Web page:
To comply with the NFV vision, operators should lead their NFV deployments and shift gradually from the big appliances world (in all of its forms, including big NFV full stacks) towards “horizontal” NFV deployments, where a common telco cloud (NFVI/VIM) and management (MANO) infrastructure is shared by all the VNFs, with operators having complete control and knowledge of that new telco infrastructure.
Most of the industry believes in that vision, it is technically possible and it’s even more cost-effective, so what is playing against it?
I think we need to admit that the same vendors and integrators will take time to evolve their business models to match this vision. In the meantime, many operators have started to realize they need to invest in understanding new technologies and creating new roles for taking ownership of their infrastructure and even in opening the door to a new type of integrators, those born with the vision of software-defined, virtualized network functions, using commodity hardware and open-source technologies in their ADN.
Three key elements are not only recommended, but necessary for any horizontal NFV deployment to be feasible:
- Embrace the NFV concept, with both technology and business outcomes, ensuring the move away from appliances and/or full single-vendor proprietary stacks towards a commodity infrastructure.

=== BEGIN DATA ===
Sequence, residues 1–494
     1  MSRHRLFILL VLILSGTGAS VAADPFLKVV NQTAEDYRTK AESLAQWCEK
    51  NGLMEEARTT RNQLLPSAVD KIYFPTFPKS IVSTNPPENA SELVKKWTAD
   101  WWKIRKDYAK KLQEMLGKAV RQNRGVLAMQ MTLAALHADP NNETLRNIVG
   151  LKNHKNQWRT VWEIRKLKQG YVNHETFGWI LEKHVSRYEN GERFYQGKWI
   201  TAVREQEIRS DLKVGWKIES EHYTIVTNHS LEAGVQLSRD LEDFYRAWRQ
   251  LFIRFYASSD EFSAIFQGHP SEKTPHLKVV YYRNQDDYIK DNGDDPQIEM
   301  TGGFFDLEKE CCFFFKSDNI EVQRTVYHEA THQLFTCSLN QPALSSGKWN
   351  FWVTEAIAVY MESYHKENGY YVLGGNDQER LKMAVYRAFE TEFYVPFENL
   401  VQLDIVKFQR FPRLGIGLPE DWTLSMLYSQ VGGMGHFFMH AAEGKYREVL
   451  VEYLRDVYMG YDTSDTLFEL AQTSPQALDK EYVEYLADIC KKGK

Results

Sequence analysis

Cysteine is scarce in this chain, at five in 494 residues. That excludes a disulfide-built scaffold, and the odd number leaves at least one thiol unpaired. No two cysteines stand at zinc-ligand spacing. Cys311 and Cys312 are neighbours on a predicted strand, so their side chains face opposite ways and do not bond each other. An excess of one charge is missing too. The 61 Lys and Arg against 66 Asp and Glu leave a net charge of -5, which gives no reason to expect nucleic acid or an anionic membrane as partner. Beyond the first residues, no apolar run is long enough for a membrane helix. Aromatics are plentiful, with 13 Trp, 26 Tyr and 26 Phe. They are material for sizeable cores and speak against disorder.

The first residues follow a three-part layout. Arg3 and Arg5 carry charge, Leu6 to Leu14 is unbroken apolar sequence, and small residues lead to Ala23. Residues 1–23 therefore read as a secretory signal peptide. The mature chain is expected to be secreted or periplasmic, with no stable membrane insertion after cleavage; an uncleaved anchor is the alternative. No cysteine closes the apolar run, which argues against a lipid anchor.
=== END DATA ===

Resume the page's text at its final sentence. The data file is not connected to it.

- Get complete control of that single infrastructure and its management and orchestration stack, which should provide life cycle management for all the network services at different abstraction levels.
- Maximize the usage of components based on open-source technologies, as a mechanism to (1) accelerate innovation by using solutions built by and for the whole industry, and (2) to decrease dependency on a reduced set of vendors and their proprietary architectures.
Regarding the latter, OpenStack is playing a key role in providing an software validated by the whole industry for managing a telco cloud as a NFV VIM, while other open-source projects like Open Source MANO and ONAP are starting to provide the management software needed at higher layers of abstraction to control the life cycle of virtualized network service.
In particular, at Whitestack we selected the OpenStack + Open Source MANO combination for building a solution for NFV MANO. If you want to explore why, check the following presentation at the OpenStack Summit 2018 (Vancouver) for details: Achieving end-to-end NFV with OpenStack and Open Source MANO.
About the author
Gianpietro Lavado is a network solutions architect interested in the latest software technologies to achieve efficient and innovative network operations. He currently works at Whitestack, a company whose mission is to promote SDN, NFV, cloud and related deployments all around the world, including a new OpenStack distribution.
- Takeaways from the first open multi-vendor NFV showcase - May 22, 2019
- 5G projects building strong use cases for Open Source MANO NFV - February 25, 2019
- Why it’s time to get serious about NFV - September 13, 2018